Tomatoes are naturally a vining plant, though they have been selected over the centuries to be shorter and bushier.  This is especially true of more recent seed strains.  Many of the oldest heirloom tomatoes are tall plants that require support in the form of a tomato cage or wooden frame, or a trellis.  One example of a tall heirloom tomato is ‘Purple Cherokee’, which grows over six feet tall!  It is important to keep the fruit of the ground and leave space around your plants.  This will help prevent disease.  It is best to water tomatoes in the morning and avoid wetting foliage in the evening.  This will reduce or prevent late blight (spots on leaves and fruit).  Other diseases include: powdery mildew, verticillium wilt, and fusarium wilt.   If you suspect disease, your county extension agent or other specialist can help you diagnose these problems and recommend remedies.  This is important in our region, to protect our potato industry.  Potatoes are related to tomatoes and subject to many of the same diseases.  Sulfur and copper fungicides are two available OMRI listed, certified organic disease controls.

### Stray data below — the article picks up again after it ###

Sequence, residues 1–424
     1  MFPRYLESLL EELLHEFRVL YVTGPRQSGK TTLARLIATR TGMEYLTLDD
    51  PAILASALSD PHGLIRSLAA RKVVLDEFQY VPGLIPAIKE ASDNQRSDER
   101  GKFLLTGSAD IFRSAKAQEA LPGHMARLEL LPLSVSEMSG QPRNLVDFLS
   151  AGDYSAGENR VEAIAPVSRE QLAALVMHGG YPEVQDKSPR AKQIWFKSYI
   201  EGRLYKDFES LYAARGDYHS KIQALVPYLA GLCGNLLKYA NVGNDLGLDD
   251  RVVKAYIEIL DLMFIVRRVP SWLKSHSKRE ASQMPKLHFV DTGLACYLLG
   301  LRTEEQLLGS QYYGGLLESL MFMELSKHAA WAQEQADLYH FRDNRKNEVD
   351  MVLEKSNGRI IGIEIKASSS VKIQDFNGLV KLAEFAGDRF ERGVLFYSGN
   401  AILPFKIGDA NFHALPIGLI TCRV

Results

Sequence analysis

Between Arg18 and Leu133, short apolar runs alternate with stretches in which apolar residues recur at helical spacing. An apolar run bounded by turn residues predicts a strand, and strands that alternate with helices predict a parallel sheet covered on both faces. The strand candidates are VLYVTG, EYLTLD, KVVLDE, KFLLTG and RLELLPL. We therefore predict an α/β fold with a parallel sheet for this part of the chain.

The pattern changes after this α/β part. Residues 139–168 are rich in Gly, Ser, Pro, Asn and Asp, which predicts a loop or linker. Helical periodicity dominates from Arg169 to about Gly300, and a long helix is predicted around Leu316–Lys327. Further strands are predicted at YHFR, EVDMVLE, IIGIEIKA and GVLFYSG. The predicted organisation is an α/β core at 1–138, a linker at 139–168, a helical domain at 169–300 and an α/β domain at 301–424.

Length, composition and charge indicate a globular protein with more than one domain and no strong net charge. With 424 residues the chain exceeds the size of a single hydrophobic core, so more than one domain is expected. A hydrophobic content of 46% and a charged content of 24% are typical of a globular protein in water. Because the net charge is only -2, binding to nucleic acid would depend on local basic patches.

Deer are a primary pest in our gardens; gophers and voles are quite damaging, too.  A tall (seven foot) fence helps prevent deer, and hardware cloth under a raised bed is a good way to prevent gophers and voles.

One more issue to watch is proper pollination of your tomatoes.  Fruit will not set well if daily high temperatures do not reach 55 degrees; conversely, fruit will not set if temperatures are over 100 degrees.  Historically, we have had troubles setting fruit with our cold days and nights, but nowadays with warming temperatures, the daily high temperatures might become an issue.